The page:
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BSc. Architecture Building Materials and Construction - II Lecture 5 Quiz

Test your knowledge of the vertical circulation topic in architecture with this quiz covering technical terminologies, classification of stairs, materials used in stairs, ladders, ramps, elevators, and escalators.

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Questions and Answers

Stairs are a set of steps leading from one floor to another and are provided in a building to afford a means of communication between the various floors. Steps arranged in series and placed in an enclosure is called ______.

Staircase

Access in buildings can be classified into categories: Moving and ______.

Stationary

Moving access in buildings includes elevators, escalators, a staircase, or a belt that moves by using different kinds of electrical or hydraulic driving motors. For example, an elevator or lift, escalator, and ______.

Conveyor

For the case of handicaps, there are moving ______.

<p>chairs</p> Signup and view all the answers

Stationary access in buildings is the most widely used access and includes stairs, different kinds of ladders, ramps, and ______.

<p>corridors</p> Signup and view all the answers

Essential requirements of a good stair include safety, fire protection, and ______.

<p>durability</p> Signup and view all the answers

Stairs should be designed properly to provide proper: ▪ Ventilation ▪ Light (Natural) ▪ Location: Near Main Entrance for Public Buildings and Centrally for easy access and privacy in Residential Buildings. The primary function of stairs is to provide a means of circulation between floor levels, establish a safe means of travel between floor levels, provide an easy means of travel between floor levels, and provide a means of conveying fittings and furniture between floor levels.

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A step is a portion of stair which permits ascent or descent. It is comprised of a ______ and a riser.

<p>tread</p> Signup and view all the answers

The tread of public buildings must be wide enough to provide safe ______.

<p>footing</p> Signup and view all the answers

Going is the horizontal distance between the nosings or front edges of two consecutive steps. It is usually 30cm for public buildings so that it is wide enough to provide safe ______.

<p>footings</p> Signup and view all the answers

Rise is the vertical distance between the upper surface of two consecutive steps. The rise of public building is about 15cm while a higher value can be used for private ______.

<p>buildings</p> Signup and view all the answers

Nosing: it is the projecting part of the ______ beyond the face of the riser.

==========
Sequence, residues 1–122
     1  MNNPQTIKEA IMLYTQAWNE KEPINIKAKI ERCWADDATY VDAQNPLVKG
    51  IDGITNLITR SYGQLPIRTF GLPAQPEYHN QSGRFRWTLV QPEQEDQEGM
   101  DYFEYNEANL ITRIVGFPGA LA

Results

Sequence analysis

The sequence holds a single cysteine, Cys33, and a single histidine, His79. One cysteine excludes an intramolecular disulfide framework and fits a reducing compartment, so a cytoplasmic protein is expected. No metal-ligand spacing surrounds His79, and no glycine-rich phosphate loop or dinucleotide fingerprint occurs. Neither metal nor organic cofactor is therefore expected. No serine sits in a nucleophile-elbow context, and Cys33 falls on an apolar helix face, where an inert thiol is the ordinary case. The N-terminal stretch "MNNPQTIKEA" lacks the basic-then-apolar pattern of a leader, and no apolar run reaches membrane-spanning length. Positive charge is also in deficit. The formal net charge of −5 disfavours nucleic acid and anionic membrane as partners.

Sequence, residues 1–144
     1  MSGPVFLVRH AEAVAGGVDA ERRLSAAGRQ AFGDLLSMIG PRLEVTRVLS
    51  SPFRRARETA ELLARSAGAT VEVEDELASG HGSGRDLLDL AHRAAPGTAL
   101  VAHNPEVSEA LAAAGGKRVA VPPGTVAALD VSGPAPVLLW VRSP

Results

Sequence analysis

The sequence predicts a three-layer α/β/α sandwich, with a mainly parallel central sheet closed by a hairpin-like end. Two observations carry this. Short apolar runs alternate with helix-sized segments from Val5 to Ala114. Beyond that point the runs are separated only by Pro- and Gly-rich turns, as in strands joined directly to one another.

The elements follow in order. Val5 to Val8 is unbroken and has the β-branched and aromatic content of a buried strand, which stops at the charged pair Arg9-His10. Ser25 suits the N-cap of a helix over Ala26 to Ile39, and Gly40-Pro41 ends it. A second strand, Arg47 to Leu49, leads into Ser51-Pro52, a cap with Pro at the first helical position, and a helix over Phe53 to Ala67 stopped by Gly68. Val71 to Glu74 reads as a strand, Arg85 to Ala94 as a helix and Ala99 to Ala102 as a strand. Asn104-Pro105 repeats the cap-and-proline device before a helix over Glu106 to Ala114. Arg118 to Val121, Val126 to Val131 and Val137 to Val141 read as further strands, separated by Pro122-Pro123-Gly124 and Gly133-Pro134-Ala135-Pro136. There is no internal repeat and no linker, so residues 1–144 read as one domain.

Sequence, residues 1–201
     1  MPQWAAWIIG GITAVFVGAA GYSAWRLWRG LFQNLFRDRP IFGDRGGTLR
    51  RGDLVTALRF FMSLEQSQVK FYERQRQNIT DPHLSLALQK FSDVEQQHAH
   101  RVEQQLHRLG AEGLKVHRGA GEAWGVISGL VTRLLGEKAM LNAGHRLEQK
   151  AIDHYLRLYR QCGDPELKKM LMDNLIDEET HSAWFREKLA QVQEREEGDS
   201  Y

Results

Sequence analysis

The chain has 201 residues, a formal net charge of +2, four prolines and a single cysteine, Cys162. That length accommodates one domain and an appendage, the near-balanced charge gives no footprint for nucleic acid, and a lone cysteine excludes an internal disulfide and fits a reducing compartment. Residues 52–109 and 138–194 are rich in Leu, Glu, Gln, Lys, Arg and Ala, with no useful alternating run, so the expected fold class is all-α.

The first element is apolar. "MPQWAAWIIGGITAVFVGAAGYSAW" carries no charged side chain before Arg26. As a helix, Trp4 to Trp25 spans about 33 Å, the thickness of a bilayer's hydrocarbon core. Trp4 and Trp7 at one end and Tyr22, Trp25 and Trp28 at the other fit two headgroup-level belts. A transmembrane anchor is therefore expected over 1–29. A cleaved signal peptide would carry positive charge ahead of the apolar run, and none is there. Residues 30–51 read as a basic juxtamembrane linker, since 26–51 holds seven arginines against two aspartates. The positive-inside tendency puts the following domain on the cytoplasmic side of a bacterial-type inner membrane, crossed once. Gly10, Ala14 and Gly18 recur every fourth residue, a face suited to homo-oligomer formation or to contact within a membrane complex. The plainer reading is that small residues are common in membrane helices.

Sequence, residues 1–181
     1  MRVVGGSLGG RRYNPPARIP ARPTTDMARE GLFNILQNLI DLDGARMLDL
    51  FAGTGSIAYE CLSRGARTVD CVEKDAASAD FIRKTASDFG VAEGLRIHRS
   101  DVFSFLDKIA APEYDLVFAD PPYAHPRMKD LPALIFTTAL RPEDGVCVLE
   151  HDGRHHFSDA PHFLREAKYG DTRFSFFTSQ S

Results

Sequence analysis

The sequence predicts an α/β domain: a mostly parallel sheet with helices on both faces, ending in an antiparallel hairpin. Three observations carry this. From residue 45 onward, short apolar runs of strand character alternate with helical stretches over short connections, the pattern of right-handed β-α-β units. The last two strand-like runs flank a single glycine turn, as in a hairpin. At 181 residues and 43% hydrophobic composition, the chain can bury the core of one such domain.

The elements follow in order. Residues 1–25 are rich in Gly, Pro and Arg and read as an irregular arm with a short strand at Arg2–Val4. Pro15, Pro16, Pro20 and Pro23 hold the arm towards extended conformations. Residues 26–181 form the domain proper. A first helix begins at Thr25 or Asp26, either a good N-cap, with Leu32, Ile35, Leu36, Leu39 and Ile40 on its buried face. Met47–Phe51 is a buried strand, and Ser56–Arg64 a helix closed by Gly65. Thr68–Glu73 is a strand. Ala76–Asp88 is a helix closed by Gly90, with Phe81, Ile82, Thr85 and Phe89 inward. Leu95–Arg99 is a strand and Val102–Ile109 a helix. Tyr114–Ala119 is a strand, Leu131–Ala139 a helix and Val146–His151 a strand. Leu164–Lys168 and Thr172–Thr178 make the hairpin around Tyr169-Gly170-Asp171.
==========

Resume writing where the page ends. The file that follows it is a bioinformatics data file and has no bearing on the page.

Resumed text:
<p>tread</p> Signup and view all the answers

Flight: is a continuous set of steps between floors and/or ______.

<p>landing</p> Signup and view all the answers

Baluster: is the vertical member which supports the ______ rail. The combined framework of hand rail and baluster is known as balustrade.

<p>hand</p> Signup and view all the answers

String or stringer: is the structural member which supports the steps and act as inclined ______.

<p>beams</p> Signup and view all the answers

Run: it is the total length of stairs in a horizontal plane, including ______.

<p>landings</p> Signup and view all the answers

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Study Notes

Stairs and Access in Buildings

  • A set of steps leading from one floor to another, providing a means of communication between floors.
  • Classified into two categories: moving access (e.g., elevators, escalators, staircase) and stationary access (e.g., stairs, ladders, ramps).

Characteristics of Stairs

  • A staircase is a set of steps arranged in series and placed in an enclosure.
  • Essential requirements of a good stair include safety, fire protection, and durability.
  • Stairs should be designed to provide proper ventilation, natural light, and location (near main entrance for public buildings and centrally for easy access and privacy in residential buildings).

Components of a Stair

  • A step consists of a tread and a riser.
  • Tread: the horizontal portion of a step, which should be wide enough to provide safe passage (e.g., minimum 30cm for public buildings).
  • Riser: the vertical portion of a step, with a typical height of 15cm for public buildings.
  • Nosing: the projecting part of the tread beyond the face of the riser.
  • Flight: a continuous set of steps between floors and/or landings.
  • Baluster: a vertical member that supports the handrail.
  • Balustrade: the combined framework of hand rail and baluster.
  • String or stringer: a structural member that supports the steps and acts as an inclined beam.
  • Run: the total length of stairs in a horizontal plane, including landings.

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